Well, they're gonna do a Week 1 of college football again, so we'd better rank some stuff. What are the biggest games of the first week (assuming we don’t count, like, Oregon State-Colorado State and Stanford-Rice on Aug. 26)?
7. Texas A&M at UCLA, Sept. 3, 7:30 p.m. ET, Fox
Have yet to see much excitement about this one, despite Round 1 at A&M going to overtime last year and both teams considered good enough to be ranked-ish. It's on Sunday, but at the same time it’s a game that's got a little bit more going for it. The only big story might be the losing coach's warm seat, and can you imagine if Kevin Sumlin doesn't start a season strong for once?
Surprising successes, like what Sumlin experienced in 2012, are what contract extensions are made of. Teases are not, and because of how it shapes our memories, it’s better to be a slow starter than a slow finisher.
From a booster perspective, not improving is the same as getting worse. Eventually, Sumlin either overcomes this plateau or gets overrun.
6. Ohio State at Indiana, Aug. 31, 8 p.m. ET, ESPN
That might not seem all that big, but here we have one of the few legit Playoff contenders facing an actual challenge in Week 1, going on the road to play a bowl-worthy division opponent. The Buckeyes should still run over IU, but for a lot of people, this game will function as the season's opener, with ESPN giving it the full MEGACAST treatment and all.
There's also the story line of the Hoosiers' fired head coach being tasked with fixing OSU's biggest weakness:
Kevin Wilson had one of the best coordinator runs of all time in the 2000s, helping to engineer a power-heavy version of the spread at Northwestern, then weaponizing it at Oklahoma. His 2008 Sooner offense scored 58 or more points for six consecutive games before running into Strong’s Florida defense and stalling at the goal line in the BCS Championship.
Under Wilson, Indiana made back-to-back bowls for the first time in 25 years. Under OSU defensive coordinator Greg Schiano, Rutgers went from laughingstock to annual bowl team. Meyer might once again have the most talented stable of assistants in the country. He might have the most talented, experienced roster as well.
5. Georgia Tech vs. Tennessee, Labor Day, 8 p.m. ET, ESPN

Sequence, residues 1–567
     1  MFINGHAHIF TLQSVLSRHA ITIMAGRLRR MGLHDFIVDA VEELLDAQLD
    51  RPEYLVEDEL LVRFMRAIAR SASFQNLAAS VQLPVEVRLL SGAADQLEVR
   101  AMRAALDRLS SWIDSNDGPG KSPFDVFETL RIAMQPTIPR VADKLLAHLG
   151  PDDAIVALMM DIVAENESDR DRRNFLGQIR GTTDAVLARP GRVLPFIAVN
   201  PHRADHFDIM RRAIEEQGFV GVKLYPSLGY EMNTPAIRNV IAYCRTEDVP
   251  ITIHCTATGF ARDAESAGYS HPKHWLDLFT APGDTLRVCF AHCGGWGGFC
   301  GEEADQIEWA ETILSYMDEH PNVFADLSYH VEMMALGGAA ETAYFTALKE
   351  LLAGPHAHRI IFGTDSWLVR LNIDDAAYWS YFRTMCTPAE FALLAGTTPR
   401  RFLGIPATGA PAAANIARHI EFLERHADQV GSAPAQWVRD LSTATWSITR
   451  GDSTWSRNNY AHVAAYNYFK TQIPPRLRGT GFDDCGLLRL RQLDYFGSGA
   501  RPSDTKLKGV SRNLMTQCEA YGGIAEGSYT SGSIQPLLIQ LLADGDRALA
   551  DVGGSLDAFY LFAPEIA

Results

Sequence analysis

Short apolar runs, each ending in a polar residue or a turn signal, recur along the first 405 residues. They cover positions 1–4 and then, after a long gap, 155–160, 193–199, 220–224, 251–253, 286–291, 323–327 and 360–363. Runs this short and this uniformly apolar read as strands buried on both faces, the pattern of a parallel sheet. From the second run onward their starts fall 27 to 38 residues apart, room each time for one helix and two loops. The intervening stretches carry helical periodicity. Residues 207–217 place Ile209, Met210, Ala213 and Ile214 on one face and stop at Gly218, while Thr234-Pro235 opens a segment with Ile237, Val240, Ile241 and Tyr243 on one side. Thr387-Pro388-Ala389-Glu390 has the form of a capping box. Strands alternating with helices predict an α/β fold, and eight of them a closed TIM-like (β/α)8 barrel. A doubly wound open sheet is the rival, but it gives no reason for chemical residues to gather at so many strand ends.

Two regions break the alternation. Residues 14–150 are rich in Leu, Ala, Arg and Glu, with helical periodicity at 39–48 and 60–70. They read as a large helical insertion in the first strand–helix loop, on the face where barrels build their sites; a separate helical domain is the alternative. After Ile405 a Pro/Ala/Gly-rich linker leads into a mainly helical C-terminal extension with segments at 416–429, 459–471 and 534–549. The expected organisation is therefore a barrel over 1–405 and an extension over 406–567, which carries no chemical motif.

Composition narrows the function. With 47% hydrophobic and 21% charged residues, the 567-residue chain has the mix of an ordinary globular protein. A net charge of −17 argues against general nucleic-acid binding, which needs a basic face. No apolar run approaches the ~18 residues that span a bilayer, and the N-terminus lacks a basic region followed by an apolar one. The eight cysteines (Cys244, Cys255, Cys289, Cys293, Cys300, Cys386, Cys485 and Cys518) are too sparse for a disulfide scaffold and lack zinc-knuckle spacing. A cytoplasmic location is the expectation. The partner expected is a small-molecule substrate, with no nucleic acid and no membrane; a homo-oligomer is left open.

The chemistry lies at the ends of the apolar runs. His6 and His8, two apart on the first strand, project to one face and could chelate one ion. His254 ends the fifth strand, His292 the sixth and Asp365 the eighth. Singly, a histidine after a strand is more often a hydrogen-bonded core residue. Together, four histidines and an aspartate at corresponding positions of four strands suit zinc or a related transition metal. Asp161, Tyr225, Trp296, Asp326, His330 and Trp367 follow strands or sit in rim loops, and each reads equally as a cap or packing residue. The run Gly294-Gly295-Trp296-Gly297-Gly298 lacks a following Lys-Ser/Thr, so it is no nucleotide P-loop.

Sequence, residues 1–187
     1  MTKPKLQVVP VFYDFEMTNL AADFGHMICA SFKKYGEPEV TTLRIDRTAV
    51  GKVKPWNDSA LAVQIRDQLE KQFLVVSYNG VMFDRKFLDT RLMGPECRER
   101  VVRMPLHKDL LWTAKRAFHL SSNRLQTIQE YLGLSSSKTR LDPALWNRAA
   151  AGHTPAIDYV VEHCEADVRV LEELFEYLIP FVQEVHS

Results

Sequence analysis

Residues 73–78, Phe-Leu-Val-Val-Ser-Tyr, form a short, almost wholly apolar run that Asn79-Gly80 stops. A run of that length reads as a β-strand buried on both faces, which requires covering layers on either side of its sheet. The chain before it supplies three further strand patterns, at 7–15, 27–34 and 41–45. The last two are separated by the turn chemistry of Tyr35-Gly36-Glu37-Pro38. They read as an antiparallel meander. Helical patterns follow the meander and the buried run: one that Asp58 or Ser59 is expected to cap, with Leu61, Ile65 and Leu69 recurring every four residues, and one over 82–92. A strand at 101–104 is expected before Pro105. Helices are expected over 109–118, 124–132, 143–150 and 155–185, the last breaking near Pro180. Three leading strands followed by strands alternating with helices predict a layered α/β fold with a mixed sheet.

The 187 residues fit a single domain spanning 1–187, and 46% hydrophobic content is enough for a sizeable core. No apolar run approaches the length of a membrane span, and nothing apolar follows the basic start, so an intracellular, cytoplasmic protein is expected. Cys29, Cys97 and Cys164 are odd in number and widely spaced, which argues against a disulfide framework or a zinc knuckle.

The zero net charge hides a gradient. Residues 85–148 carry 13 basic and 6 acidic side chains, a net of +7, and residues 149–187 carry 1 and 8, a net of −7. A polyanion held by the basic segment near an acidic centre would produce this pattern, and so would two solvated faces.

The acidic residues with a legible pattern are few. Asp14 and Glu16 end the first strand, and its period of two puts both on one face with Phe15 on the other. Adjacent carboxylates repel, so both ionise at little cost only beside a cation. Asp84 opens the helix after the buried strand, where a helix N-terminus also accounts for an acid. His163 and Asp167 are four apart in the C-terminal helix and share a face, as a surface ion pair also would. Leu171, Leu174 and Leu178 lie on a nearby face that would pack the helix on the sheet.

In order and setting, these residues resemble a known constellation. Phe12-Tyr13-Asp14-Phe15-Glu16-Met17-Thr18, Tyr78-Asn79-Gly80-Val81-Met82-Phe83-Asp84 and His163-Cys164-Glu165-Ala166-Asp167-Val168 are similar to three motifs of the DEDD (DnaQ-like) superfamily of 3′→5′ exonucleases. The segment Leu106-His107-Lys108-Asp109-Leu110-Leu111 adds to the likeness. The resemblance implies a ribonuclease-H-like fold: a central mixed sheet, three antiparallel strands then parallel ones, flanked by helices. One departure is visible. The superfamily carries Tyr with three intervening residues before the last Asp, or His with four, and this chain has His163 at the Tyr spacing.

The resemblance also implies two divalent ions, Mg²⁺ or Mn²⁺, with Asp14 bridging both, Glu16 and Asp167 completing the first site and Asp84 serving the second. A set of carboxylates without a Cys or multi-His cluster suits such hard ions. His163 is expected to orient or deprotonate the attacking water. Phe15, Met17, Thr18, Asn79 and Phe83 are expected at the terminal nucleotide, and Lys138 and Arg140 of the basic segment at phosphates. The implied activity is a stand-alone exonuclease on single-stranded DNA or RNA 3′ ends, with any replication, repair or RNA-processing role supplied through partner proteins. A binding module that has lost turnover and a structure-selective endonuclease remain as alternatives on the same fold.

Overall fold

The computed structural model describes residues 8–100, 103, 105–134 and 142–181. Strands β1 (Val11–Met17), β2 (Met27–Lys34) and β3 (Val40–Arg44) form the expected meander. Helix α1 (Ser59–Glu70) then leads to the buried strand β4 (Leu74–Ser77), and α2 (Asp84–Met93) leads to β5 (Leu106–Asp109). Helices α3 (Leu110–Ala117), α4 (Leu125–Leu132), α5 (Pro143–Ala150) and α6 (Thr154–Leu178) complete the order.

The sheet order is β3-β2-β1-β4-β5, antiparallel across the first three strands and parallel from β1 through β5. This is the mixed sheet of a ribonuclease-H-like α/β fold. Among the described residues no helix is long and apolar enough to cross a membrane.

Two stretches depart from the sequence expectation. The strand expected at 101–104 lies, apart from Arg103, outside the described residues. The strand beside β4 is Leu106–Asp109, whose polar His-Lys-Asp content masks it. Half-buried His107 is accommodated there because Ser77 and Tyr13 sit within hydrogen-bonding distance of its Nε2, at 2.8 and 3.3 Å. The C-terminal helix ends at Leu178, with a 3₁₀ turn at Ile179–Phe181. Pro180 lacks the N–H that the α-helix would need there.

The weekend's second sellout in an obscene cathedral of a new Atlanta stadium, HOT SEAT WATCH for Butch Jones, some deep rivalry history, Paul Johnson's stated quest for a 4-0 streak against the SEC East, a pretty fascinating clash of styles, and the only game on all day? I think this game's being a little overlooked:
UT’s biggest question, like GT’s, is QB. Three-ish-year starter Joshua Dobbs came within 54 passing yards and 169 rushing yards of having a 3,000-1,000 season in 2016 and was the engine for most of Jones’ tenure.
His replacement will likely be junior Quinten Dormady, a former four-star plucked out of a San Antonio suburb. Dormady is a 6’4 passer whose greatest strength is operating from the pocket.
The Georgia Tech defense lacks a proven pass-rusher, but returns six out of seven starters in the backfield and had some success down the stretch in 2016.
4. Virginia Tech vs. West Virginia, Sept. 3, 7:30 p.m. ET, ABC
These two conference contenders have an old rivalry trophy that Dana Holgorsen is claiming, whether WVU actually has it or not. Both teams will likely be ranked, something only a few games on this list can claim. Both fan bases are local to D.C. This will also be a major test for a Mountaineers offense that's drawing a ton of hype:
West Virginia’s spread-I offense attacks the soft spots in college defenses, combining two-back inside runs with play action and throws outside, all increasingly similar to the Art Briles veer-and-shoot offense. Lead running back Justin Crawford ran for 1,184 yards last year at 7.3 yards per carry while paired with Skyler Howard at QB. Grier could punish teams for loading up to stop Crawford.
The battle between Will Grier’s laser beams and an experienced and athletic Hokie secondary will be the heavyweight bout.
3. BYU vs. LSU, Sept. 2, 9:30 p.m. ET, ESPN
The first half will be overshadowed by No. 1 on this list, but there'll be plenty of thumpin' to go by the time we tune in.
The ground is where BYU should focus its game plan. The strength of what LSU returns on defense is its pass defense. BYU’s lost production in the passing game resembles what LSU is losing across the defensive front.
2. Florida vs. Michigan, Sept. 2, 3:30 p.m. ET, ABC
One funny technicality: The head coach in this game almost everyone agrees is great is the one with no division titles, not the one with back-to-back titles. This is only an observation. Thank you. Anyway:
The Wolverines are in Year 3 under Jim Harbaugh and again considered Big Ten contenders. The Gators are infusing Notre Dame transfer Malik Zaire into a third-year Jim McElwain offense and could win the SEC East for a third year in a row.
This game could have postseason ramifications, but it’ll more likely be a majorly entertaining tune-up, with bragging rights on the line.
However, the game will tell us something about which team has the pieces to contend in a conference championship. Each has a big question that the talent of the other can help answer.
1. Alabama vs. Florida State, Sept. 2, 8 p.m. ET, ABC
Normally, there’s not a question of which team has the best defense when Alabama is involved. But Florida State has some unique talents. It might be better than any defense Alabama faced en route to Clemson last season.
Losing almost all of 2016 to injury has only fed the legend of safety/pass-rusher/destroyer of worlds Derwin James, who has top-five NFL draft hopes.
The Seminoles move James all over, usually turning the deep field into a no-fly zone at field safety. He was absent in disastrous performances against Lamar Jackson’s Louisville and Deshaun Watson’s Clemson and will be instrumental in keeping Hurts contained.